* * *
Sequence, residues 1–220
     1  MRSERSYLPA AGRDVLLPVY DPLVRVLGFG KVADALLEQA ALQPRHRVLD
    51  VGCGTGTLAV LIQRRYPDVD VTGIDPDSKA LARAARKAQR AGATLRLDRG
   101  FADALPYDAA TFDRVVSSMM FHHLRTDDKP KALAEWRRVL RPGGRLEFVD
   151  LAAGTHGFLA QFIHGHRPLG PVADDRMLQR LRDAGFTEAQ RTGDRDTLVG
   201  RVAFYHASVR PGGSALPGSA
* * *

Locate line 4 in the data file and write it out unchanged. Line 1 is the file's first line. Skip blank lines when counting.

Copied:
   101  FADALPYDAA TFDRVVSSMM FHHLRTDDKP KALAEWRRVL RPGGRLEFVD